Quick notes on AWS Identity and Access Management (IAM)

The following are some quick reference notes on AWS IAM. IAM is broken down into 4 main concepts:

  1. Users – people who have access to AWS services
  2. Groups – one or more person grouped with shared roles
  3. Roles – the actual permission that is granted
  4. Policies – definition of the permissions (there are many out-of-box policies provided by AWS)

Users may be in one or many groups. Group policies are defined (by an admin usually) on what those groups have permissions to. For example, there might be some AWS service that groups have permissions to. Lets assume those are read and write permissions, which are then two separate roles. The definition of those roles (that it can read or write) is defined by the policy which is managed by an administrator.

 

Policies

Policies are what defines the effect, actions, resources and optional conditions for user access in AWS. It can be restricted to specific regions.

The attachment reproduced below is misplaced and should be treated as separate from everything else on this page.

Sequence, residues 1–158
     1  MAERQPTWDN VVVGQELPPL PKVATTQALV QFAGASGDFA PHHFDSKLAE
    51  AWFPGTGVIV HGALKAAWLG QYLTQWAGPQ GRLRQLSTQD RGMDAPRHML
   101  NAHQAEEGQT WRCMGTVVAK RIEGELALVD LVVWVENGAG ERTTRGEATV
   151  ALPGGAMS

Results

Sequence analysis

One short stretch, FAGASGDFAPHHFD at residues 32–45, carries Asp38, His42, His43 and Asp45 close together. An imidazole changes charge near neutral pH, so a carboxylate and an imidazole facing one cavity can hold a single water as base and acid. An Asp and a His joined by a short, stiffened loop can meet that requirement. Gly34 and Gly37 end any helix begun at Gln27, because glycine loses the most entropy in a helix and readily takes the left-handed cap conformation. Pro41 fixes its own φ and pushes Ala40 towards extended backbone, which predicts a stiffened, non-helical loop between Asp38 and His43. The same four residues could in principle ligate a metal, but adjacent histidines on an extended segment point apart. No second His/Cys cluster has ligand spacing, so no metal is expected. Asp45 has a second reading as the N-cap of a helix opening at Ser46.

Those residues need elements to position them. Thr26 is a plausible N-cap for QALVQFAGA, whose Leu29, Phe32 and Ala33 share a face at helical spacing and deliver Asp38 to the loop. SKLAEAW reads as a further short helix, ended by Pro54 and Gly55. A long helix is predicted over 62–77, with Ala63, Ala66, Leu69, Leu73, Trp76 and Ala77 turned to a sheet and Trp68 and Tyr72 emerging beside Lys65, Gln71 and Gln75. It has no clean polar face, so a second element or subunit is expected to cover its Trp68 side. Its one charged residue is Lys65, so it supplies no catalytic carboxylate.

IAM policies are JSON files that track the version and statement. The statement defines what is allowed or not allowed. It is based on Actions and Resources (action-statements and resource-statements):

{
 "Version": "2017-12-01",
 "Statement": [
  {
   "Effect":"Allow",
   "Action": "*",
   "Resource": "*"
  }
 ]
}

 

Remember to always use strong and unique passwords, multi-factor authentication, Principle of Least Privileges and limit access to the root account. Note that AWS supports Federation and users maybe authenticated by third-party providers such as corporate Active Directory or internet providers such as Google, Amazon or Facebook.

Federated User Accounts

 

References

AWS User Guide
https://docs.aws.amazon.com/IAM/latest/UserGuide/introduction.html